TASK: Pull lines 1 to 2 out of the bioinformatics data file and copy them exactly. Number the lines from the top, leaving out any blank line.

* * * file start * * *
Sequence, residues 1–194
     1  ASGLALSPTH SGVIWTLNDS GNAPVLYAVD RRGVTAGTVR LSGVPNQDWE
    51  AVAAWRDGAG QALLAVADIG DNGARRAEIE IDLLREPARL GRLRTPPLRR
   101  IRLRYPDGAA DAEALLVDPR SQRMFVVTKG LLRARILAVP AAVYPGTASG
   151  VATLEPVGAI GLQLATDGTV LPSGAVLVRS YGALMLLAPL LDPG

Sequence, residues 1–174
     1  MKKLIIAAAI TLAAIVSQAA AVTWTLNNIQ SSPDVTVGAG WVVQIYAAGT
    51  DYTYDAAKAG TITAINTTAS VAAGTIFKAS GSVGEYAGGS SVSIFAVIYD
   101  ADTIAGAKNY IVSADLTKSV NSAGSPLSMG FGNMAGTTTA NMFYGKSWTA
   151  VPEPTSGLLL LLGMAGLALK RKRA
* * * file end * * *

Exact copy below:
Sequence, residues 1–194
     1  ASGLALSPTH SGVIWTLNDS GNAPVLYAVD RRGVTAGTVR LSGVPNQDWE